Preparing student-athletes for life after football is no less important to Coach Fitz than inspiring them to excel on the field. SESP sophomore Jeremy Larkin knows this from experience: after receiving a diagnosis of cervical stenosis, he was forced to retire from the game in 2018. Heeding Fitzgerald’s advice, he stayed with his football family as a mentor on staff.

Jeremy Larkin (center)

“I’m focusing on leadership and teamwork skills that you learn at SESP as well as those shown by Coach Fitz,” Larkin says. “He helped me throughout the process. It was a true testament to what he says during recruiting: you’re important as a person, not just as a football player.”

That’s also why Northwestern football runs an individual mentoring program, which pairs every sophomore on the team with a former player. The two stay together for at least three years, but in many cases the relationships are much longer. Now in its 11th year, the program includes 25 players and nearly 100 football alumni. “It’s a way for our alums to truly have an impact,” says Schmidt, who participated in the program as a player, stays in touch with mentor Marc Hujik, and now runs the program.

SESP is a unique school, but “I’d call it the School of Education and Leadership Development,” Fitzgerald says, flashing a smile. “Who doesn’t want to develop as a leader?”

Understanding People Makes Anything Possible - Just Ask A Couple Of 'Cats

D’Wayne Bates (BS98) was one of several former athletes among the record turnout of SESP alumni at the school’s Reunion Weekend luncheon last fall. A former wide receiver with the Chicago Bears and Minnesota Vikings, Bates earned a graduate degree after retiring from football and is passionate about lifelong learning and working with youth. Since 2015 he has been assistant principal for athletics at Glenbard East High School in Lombard, Illinois. “I’m always telling the kids, ‘There’s victory in loss. Go back and study what went wrong,’” Bates says. “Twenty years after learning it at Northwestern, I still utilize that in life.”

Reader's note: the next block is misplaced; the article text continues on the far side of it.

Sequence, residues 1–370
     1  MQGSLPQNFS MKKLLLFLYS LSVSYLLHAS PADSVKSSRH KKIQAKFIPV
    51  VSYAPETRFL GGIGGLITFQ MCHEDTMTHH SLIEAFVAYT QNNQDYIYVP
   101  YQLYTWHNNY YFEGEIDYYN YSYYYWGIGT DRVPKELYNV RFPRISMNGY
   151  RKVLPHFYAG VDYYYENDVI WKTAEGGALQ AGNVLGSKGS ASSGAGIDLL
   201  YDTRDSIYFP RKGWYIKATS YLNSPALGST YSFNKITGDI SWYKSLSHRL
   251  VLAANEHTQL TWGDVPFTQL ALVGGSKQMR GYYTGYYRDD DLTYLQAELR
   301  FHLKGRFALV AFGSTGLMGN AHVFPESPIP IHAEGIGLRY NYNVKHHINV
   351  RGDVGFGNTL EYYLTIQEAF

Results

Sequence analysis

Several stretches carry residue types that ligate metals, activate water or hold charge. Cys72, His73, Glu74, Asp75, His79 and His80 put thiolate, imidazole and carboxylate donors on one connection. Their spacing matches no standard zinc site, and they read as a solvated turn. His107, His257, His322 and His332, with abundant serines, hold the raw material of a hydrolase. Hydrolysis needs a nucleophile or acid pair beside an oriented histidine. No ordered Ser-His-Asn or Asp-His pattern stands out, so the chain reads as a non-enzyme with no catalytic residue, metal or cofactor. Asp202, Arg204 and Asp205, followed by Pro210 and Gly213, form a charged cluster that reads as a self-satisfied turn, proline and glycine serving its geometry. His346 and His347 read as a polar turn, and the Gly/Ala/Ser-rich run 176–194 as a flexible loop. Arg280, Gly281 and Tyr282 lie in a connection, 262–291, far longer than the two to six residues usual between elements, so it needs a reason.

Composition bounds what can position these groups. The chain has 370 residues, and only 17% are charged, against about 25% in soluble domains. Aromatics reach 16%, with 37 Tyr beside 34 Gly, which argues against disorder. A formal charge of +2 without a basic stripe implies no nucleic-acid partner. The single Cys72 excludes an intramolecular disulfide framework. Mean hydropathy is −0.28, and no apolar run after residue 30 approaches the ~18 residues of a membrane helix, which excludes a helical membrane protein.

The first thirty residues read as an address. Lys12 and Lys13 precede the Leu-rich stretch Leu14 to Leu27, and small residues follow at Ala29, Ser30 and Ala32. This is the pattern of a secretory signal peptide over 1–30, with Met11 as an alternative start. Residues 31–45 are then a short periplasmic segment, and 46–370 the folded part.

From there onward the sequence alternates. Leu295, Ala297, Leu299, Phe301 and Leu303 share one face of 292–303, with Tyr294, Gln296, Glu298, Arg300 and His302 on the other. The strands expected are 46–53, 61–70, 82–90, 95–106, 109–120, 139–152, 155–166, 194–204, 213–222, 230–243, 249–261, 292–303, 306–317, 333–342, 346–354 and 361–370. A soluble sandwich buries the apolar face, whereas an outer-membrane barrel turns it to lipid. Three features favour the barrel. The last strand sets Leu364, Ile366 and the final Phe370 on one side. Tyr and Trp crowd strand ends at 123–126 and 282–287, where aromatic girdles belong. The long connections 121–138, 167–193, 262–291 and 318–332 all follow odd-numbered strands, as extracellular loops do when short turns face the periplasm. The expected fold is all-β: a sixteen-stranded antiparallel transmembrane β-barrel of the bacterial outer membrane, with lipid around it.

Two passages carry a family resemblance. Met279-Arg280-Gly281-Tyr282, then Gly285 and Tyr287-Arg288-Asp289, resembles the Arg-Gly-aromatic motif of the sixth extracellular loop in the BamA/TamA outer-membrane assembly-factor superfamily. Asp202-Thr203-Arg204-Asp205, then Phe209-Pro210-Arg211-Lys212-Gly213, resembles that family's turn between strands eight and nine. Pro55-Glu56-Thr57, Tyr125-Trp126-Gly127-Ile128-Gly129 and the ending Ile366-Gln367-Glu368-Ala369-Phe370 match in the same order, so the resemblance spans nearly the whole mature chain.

Also attending the lunch was Gerald Conoway (BS99), a teammate of Pat Fitzgerald during the Wildcats’ 1995 Rose and 1996 Citrus Bowl seasons. Conoway was drawn to psychology and teaching and majored in human development and psychological services, the SESP concentration that explores how people are influenced by family, group, and organizational dynamics.

That knowledge translated to the football field and later to the workforce, says Conoway, who landed a position in labor relations at General Motors immediately after graduation. Now he is a GM human resources manager, dealing with benefits, hiring, firing, and other issues for some 4,300 employees.

“SESP emphasizes building relationships, understanding people from different walks of life, learning to talk with them, and getting your point across,” Conoway says. “You learn flexible ways of thinking and you work in groups, which teaches you how to collaborate.”

SESP sophomore Jonathan Sun spent most of the luncheon in conversation with Bates and Conoway. That night he wrote three takeaways in his journal: Trust the process. Working in education makes other things possible. And his favorite: don’t regret your past—it has created the person you are today.

To join other SESP alumni and students at the 2019 Reunion Weekend luncheon, contact Shelena Johnson at